Gastrointestinal Nutrition Counseling
How Your Diet can Affect Irritable Bowel Syndrome, Celiac Disease and GI Problems
“All disease begins in the gut” – Hippocrates
The intestines are lined with millions of cells that are sealed together by “tight junctions”. In healthy intestines, these tight junctions work as barriers to allow or prohibit particles from moving through the gastrointestinal tract and into the circulatory system. However, if the lining becomes permeable (or open, aka “Leaky Gut”), it affects the lining of the intestines creating a dysfunction at the microscopic surface of the intestine. This impairs the ability to properly digest foods. When the intestines cannot filter properly, tiny pieces of incompletely digested foods, bacteria, and other waste by-products may leak through the intestines into the blood stream where they do not belong.
Inflammation is not limited to swelling at the surface of the skin. In fact, tiny cells inside the body that line the gastrointestinal tract are prone to both acute and chronic inflammation since they are in direct contact with food particles, bacteria, and other substances throughout the day. Ongoing inflammation in the gut causes a dilation of the vessels lining the GI tract, or the “tight junctions” as a way for the body to protect itself. When the vessels dilate, they allow fluid in to “flush” out the foreign invader. This is why we get diarrhea when we get food poisoning! While diarrhea is an extreme example of this dilation, the signal for these junctions to open over and over again is similar to leaving the screen door open at your house at all times. The screen door keeps bugs and other “impostors” out, but if left open, allows all of those to enter when they are unwelcome.
The body does not like foreign substances floating around and the immune system will kick in and try to fight whatever it thinks is a danger in the intestines. This will cause inflammation and inhibit functioning. When this happen the ability to digest foods and absorb nutrients is decreased and the immune system can be compromised. Chronic inflammation in the intestines is a real concern. It has the potential link between serious disorders like:
- Multiple sclerosis
- Irritable Bowel Syndrome
- Crohn’s disease
- Celiac disease
- Hashimoto’s Thyroiditis
How do I Determine What I Need to Change in My Diet?
Food sensitivities are a common culprit go gastrointestinal complaints. They are often dose-dependent, with symptom onset delayed by many hours, and there are usually many reactive foods, not just 1 or 2 as in food allergy. And just like each person has a unique fingerprint, both food sensitivity symptoms and trigger foods are different from one person to another. In other words, in two gluten sensitive people, gluten may cause digestive problems in one person and migraines in another.
To make matters even more challenging, that “healthy” salmon with all of those anti-inflammatory health benefits you read about and that you so desperately want for your own health, may actually be the cause of an inflammatory reaction that gives you diarrhea or any symptom! The unexpected and unfortunate truth is that even so-called healthy foods like salmon, blueberries, garlic, or broccoli can become triggers that lead to unwanted symptoms. It’s a very challenging puzzle that requires an expert approach to figure it out.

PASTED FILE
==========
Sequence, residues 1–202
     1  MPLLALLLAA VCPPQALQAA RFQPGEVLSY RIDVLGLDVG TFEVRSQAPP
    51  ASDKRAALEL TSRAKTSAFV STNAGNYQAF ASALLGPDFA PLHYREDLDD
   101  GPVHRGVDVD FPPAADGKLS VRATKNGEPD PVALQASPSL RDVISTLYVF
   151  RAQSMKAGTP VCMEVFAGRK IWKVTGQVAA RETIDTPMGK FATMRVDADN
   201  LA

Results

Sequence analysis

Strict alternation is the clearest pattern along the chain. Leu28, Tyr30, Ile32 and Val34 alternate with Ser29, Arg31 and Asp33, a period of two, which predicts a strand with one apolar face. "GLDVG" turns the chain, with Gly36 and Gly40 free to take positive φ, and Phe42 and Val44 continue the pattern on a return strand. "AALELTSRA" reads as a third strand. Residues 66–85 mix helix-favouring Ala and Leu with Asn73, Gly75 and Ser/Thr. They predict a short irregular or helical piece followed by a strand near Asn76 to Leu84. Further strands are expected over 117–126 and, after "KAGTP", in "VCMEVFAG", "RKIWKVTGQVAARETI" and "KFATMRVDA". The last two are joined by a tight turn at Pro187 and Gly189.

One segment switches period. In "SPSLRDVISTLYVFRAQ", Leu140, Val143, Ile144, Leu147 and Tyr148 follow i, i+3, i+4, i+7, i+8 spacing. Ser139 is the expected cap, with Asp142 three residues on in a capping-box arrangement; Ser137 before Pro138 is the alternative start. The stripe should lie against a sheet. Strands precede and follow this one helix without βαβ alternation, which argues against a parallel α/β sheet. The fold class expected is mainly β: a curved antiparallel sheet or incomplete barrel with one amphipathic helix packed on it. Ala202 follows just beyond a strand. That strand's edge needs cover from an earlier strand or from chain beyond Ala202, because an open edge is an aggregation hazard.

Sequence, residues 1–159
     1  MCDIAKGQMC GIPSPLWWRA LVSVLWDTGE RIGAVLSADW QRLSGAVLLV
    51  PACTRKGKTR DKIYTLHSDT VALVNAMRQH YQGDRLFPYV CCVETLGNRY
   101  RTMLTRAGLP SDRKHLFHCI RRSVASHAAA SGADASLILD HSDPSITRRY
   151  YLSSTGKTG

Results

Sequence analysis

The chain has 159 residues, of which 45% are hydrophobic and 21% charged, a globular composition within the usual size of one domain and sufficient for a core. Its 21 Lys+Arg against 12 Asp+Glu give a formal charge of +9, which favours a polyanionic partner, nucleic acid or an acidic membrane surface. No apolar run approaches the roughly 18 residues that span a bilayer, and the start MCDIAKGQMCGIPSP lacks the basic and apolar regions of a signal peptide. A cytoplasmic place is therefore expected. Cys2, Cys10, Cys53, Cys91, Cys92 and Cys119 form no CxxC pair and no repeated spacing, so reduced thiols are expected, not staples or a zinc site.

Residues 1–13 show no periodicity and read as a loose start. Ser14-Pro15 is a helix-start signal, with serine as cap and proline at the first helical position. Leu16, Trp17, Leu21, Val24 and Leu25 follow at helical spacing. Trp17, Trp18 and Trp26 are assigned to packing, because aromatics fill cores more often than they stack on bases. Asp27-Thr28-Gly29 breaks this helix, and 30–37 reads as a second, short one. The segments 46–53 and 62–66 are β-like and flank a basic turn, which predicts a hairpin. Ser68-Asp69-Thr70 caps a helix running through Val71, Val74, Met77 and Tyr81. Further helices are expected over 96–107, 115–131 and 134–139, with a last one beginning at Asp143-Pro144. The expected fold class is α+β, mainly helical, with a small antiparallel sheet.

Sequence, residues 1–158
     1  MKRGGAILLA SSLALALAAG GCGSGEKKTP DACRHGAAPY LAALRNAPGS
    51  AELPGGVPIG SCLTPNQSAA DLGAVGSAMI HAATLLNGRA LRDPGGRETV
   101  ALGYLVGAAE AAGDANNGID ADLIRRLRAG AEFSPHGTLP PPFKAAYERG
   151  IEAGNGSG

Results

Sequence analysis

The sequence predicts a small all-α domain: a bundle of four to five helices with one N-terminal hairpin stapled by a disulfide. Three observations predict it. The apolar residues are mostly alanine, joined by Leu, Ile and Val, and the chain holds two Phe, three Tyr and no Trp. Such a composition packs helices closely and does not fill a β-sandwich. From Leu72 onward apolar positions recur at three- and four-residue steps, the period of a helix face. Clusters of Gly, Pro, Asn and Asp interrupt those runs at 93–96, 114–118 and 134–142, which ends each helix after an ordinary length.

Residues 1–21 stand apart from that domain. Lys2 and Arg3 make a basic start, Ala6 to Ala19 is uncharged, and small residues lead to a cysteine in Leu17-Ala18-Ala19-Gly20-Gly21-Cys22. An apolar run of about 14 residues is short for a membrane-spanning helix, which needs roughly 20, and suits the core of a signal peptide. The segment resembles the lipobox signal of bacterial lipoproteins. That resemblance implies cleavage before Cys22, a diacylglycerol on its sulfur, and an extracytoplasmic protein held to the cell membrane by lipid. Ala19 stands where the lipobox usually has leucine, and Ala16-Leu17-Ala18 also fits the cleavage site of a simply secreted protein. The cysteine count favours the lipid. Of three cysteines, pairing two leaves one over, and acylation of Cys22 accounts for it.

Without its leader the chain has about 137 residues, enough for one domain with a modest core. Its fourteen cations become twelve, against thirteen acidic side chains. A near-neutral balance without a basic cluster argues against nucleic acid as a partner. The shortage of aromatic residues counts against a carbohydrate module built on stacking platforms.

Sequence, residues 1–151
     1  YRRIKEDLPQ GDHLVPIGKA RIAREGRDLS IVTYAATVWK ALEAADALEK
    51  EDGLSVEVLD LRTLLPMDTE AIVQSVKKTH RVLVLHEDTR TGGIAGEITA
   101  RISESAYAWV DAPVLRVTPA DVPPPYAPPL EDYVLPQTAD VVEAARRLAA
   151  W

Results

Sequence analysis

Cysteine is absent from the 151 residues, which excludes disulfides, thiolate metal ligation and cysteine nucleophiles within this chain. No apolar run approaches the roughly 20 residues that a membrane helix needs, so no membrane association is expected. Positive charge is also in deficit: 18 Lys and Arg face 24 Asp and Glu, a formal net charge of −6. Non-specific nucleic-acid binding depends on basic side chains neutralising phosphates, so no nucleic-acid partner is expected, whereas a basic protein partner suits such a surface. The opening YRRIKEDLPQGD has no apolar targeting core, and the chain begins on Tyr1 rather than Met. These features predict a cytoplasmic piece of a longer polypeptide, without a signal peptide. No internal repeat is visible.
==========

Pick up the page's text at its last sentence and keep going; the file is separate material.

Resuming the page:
How Can I Find Out if There is Something Else Wrong in My Gut?
Getting a stool test done is an excellent way to determine what is going on in your gastrointestinal tract. Identification of overgrown pathogenic yeast, bacteria, parasites, and viruses is a crucial step in optimizing gut health. While one may not always be symptomatic of bacterial imbalances, chances are you have been on antibiotics and are exposed to them through other ways, such as through diet, that could have negative implication on your bacterial balance. When the “good guys” are lowered and defenses are down, that opens the door for the “bad guys” to proliferate and take over. When that happens it is bad news!
A stool test can also help to identify inflammation in the gastrointestinal tract that can decrease the ability of your gut to absorb nutrients properly and may lead a practitioner to adjust your supplementation. Additionally, looking at a sample of stool can determine if you are secreting enough digestive juices to break down food and supplements properly, which can also be remedied through dietary and enzymatic therapy. And, finally, it can determine if you have adequate mucous layers in the GI tract and/or if you have gluten related inflammation.
Your Nutritional Therapy Counseling Session Includes Nicole’s “4-R Approach” to Healing the Gut:
Healthy gastrointestinal (GI) function is essential for good health. For many individuals, suboptimal GI function may be the result of processed foods, environmental toxins, excess sugar and alcohol, inadequate intake of water, fiber, and other probiotic and prebiotic nutrients, stress, and a variety of other factors. However, these factors can be addressed and healthy GI function supported with a FOUR phase program
The FOUR Phases of This Approach Are:
- Remove: Triggers that affect GI function which include food sensitivities, overgrowth of unfriendly organism, and other potential GI stressors
- Replace: Digestive enzymes and supporting chemicals that are needed for optimum digestion
- Repopulate: Targeted probiotic supplementation to help support the health of the GI Tract and maintain proper microbial balance
- Repair: The lining of the GI tract is essential for the recovery and maintenance of our health as it acts as a barrier against undigested foods, toxins, and other organisms. It is also necessary proper nutrient absorption.
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